Why they close Trail Ridge Road

5 thoughts on “Why they close Trail Ridge Road”

  1. Brrrr… makes me cold just looking at it. Being from northern Indiana, lots of snow was the norm. I remember driving home out in the country through drifts that went over the headlights of my car. Just had to keep the speed constant and plow through. Couldn’t see the road when they were that deep so had to follow the fence line or a power line that ran parallel to the road. Never really had any problems, never got stuck and needed pulled out.

    However…. Indiana is flat. Flat, flat, flat. You put that kind of snow on steep mountain roads and you’ve got a “No way am I driving that! Are you trying to commit suicide?” type of drive.

    After I moved here, I first lived in the East Mountains just outside of ABQ. Shortly after moving there, we had a small amount of snow (1″-3″) and the news was carrying on about being careful, “these” and “those” roads closed, school delayed, etc. Of course my cocky self snorted it off with a big “hmmph” and proceeded to leave and head into the city. Very quickly I came to find out why they put out all those warnings and school delay. When I went through a section on the interstate that is narrow and very winding, I thought I was going to mess my pants. Just one little miscalculated twitch to the front tires could easily put me in a spin.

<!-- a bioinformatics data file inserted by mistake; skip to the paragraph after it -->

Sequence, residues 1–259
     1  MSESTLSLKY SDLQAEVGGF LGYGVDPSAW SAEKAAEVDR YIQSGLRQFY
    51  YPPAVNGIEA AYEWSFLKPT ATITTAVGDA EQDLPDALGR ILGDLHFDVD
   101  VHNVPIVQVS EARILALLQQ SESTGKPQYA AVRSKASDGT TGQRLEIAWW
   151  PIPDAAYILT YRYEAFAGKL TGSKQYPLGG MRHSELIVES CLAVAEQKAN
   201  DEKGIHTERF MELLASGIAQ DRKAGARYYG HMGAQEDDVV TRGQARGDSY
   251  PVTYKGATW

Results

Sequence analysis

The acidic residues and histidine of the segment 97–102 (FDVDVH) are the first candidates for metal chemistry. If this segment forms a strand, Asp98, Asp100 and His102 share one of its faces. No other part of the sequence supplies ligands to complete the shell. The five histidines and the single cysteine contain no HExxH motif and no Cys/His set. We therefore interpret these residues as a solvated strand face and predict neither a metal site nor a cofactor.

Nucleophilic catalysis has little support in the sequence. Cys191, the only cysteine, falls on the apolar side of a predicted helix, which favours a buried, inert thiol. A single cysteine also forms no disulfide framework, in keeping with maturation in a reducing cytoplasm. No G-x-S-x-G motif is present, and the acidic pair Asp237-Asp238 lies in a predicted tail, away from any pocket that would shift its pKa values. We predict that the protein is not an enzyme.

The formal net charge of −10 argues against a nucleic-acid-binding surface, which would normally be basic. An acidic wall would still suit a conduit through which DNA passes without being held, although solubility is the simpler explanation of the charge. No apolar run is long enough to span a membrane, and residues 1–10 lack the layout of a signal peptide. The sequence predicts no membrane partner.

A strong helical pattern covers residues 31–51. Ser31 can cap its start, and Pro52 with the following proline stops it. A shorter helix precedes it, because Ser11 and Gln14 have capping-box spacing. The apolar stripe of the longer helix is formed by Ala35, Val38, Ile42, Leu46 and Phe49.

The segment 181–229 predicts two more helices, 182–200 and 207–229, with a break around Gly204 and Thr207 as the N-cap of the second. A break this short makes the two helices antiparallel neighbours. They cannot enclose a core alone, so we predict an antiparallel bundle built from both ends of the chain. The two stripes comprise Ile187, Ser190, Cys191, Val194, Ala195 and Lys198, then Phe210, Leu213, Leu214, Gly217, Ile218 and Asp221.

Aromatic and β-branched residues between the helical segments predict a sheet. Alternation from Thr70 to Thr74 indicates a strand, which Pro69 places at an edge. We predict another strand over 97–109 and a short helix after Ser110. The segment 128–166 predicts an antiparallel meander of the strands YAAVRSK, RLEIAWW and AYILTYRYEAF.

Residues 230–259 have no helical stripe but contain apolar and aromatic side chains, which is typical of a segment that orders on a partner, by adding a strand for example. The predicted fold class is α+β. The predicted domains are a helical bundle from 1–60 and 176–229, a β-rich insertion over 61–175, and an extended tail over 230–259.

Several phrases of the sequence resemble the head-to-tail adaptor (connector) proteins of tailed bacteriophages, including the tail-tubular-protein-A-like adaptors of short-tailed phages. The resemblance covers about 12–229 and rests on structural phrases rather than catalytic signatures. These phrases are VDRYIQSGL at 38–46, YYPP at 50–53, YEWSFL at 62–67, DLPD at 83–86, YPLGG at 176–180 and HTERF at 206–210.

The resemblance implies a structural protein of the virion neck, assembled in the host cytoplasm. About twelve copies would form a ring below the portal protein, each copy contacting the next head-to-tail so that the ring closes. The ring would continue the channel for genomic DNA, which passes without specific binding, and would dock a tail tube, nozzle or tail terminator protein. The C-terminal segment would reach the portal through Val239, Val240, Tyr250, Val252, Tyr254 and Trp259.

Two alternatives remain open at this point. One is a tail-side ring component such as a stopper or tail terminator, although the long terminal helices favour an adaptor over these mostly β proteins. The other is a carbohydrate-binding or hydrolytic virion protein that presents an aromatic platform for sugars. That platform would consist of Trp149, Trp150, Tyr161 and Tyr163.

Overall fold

So I prefer to stay in when it snows here.

    1. Oh I stay in too. One of the biggest, best things about being retired is not having to brave treacherous or even just questionable driving weather. I just don’t go out if I have any doubts about the roads. And you’re so right, there’s a huge difference between a questionable flat road and a questionable hilly, curvy one.

  2. I drove narrow unsalted and unsanded roads in Switzerland, often with steep dropoffs. Luckily I never came to harm, but I would not attempt such a thing today.

... and that's my two cents